Feral hog management workshop set for Feb. 4 in Luling

Writer: Steve Byrns, 325-653-4576, s-byrns@tamu.edu

Contact: Jared Timmons, 254-485-4886, jbtimmons@ag.tamu.edu


LULING – The Texas A&M AgriLife Extension Service, in cooperation with the Texas State Soil and Water Conservation Board, will conduct a Feral Hog Management Workshop from  8 a.m.-3:15 p.m. Feb. 4 at the Luling Foundation, 523 S. Mulberry St., in Luling.

“Despite greatly increased public awareness and more effective control methods, Texas feral hog populations continue to grow,” said Jared Timmons, AgriLife Extension wildlife associate at San Marcos.


“More feral hogs mean a magnification of some already serious problems such as the polluting of creeks and rivers from the animals congregating around water sources to drink and wallow.” Timmons said. “The result is fecal matter going directly into streams, thus adding often dangerous levels of bacteria and nutrients to the water.”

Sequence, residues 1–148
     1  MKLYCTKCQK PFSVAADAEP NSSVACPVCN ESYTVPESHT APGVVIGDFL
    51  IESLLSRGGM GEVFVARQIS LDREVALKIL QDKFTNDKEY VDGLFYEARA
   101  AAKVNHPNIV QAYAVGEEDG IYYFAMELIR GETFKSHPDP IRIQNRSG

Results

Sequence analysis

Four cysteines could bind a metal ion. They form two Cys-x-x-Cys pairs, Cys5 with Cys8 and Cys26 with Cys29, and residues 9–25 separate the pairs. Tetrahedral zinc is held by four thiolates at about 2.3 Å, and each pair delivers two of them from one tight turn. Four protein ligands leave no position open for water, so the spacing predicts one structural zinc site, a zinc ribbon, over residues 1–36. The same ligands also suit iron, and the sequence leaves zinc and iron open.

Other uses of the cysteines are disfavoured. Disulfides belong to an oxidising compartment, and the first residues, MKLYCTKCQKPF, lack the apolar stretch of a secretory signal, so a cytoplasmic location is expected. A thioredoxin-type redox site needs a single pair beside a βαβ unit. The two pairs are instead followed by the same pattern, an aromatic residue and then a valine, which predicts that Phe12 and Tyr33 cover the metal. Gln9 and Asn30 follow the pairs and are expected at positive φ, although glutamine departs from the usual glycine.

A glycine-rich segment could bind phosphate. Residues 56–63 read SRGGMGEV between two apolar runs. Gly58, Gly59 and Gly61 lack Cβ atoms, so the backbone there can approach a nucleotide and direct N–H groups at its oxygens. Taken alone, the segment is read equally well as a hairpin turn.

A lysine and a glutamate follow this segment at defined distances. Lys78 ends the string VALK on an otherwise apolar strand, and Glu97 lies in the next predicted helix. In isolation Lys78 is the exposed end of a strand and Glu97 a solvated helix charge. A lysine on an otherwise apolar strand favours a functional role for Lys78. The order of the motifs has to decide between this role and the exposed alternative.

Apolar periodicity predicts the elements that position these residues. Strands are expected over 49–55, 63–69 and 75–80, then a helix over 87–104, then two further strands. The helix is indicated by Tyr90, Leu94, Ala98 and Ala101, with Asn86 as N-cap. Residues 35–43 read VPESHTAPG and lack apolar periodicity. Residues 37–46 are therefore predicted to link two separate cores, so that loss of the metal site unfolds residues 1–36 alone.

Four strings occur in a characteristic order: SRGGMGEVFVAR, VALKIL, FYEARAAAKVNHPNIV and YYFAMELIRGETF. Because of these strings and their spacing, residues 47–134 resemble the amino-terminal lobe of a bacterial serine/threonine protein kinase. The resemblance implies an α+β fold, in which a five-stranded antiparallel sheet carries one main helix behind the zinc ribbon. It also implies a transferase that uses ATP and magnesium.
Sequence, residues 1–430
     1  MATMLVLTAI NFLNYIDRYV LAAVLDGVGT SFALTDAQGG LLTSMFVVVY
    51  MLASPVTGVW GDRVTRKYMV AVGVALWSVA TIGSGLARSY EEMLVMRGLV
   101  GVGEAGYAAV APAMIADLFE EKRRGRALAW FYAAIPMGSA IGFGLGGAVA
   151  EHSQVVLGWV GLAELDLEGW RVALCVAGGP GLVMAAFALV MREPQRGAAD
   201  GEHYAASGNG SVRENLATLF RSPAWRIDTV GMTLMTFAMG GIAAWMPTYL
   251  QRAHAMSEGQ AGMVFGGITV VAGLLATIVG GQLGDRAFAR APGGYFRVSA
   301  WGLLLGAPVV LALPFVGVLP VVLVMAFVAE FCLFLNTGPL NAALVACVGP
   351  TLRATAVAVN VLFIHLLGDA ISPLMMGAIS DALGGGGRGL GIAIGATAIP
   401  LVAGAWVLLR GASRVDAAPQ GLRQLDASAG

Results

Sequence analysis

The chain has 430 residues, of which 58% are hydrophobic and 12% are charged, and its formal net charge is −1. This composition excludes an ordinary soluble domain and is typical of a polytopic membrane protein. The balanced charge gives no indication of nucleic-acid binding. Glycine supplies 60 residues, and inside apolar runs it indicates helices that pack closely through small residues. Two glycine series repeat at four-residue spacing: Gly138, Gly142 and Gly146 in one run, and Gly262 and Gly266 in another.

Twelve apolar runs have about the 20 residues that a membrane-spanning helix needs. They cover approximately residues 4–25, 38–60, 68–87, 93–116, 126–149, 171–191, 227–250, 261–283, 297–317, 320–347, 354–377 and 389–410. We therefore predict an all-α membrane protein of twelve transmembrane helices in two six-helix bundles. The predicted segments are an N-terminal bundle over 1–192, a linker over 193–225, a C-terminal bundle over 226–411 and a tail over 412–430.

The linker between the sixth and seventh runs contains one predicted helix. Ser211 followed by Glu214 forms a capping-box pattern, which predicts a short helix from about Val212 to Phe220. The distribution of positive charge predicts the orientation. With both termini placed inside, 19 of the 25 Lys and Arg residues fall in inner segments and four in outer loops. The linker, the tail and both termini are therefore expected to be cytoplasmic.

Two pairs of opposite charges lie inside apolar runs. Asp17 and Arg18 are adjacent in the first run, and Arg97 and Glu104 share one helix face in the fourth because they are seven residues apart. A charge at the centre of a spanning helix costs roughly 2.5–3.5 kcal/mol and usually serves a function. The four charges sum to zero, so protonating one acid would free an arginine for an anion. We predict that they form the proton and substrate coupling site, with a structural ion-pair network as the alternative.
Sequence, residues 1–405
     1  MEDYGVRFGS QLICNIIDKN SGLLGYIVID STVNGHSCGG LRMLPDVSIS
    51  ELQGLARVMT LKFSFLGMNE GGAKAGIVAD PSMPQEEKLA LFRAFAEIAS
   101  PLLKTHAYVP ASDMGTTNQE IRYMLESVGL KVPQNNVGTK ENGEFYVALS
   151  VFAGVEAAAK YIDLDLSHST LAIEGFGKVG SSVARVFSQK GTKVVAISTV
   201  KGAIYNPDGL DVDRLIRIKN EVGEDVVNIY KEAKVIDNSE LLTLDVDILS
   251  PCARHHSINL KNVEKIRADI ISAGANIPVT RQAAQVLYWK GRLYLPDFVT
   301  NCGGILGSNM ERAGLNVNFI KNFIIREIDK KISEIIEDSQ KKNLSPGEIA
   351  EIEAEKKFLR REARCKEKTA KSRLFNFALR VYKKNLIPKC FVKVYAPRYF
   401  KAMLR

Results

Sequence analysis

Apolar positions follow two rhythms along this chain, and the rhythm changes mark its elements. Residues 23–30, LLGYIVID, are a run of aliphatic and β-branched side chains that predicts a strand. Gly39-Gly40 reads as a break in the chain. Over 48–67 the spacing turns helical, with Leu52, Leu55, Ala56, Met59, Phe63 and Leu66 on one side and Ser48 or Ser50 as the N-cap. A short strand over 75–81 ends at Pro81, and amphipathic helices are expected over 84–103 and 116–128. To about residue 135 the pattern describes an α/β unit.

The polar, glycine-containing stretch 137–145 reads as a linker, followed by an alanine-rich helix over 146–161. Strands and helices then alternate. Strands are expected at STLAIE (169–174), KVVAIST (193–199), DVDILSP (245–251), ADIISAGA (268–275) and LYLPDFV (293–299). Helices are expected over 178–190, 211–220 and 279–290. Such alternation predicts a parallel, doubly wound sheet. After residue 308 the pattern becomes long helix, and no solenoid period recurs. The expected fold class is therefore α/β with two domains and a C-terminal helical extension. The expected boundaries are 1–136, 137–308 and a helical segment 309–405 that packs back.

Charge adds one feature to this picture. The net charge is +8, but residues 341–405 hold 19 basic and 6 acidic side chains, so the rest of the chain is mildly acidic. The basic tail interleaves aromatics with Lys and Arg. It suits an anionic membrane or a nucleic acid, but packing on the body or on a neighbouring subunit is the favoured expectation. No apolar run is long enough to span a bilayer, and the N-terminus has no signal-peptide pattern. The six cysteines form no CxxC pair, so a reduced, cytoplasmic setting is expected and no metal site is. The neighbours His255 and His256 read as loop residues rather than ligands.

“Our goal for this program is to keep landowners in tune with the latest information available in regards to the feral hog situation in our region and to offer them ways to cope with it.”

Workshop topics will include: basic biology of feral swine and their damage to watersheds, feral hogs in the Plum Creek watershed, population dynamics, laws and regulations for hunting feral hogs, agricultural regulations, safety and disease concerns, transportation regulations, control and trap demonstration.

Individual preregistration is $15 by Feb.1 and $25 thereafter. For more information and to preregister, contact the AgriLife Extension office in Caldwell County at 512-398-3122 or caldwell@ag.tamu.edu.


Five Texas Department of Agriculture continuing education units – two general, two integrated pest management and one laws and regulations – will be offered pending the department’s approval.

Information on controlling feral hogs is available at http://plumcreek.tamu.edu/feral-hogs or http://feralhogs.tamu.edu.


The program is provided through a Clean Water Act nonpoint source grant from the Texas State Soil and Water Conservation Board and the U.S. Environmental Protection Agency.




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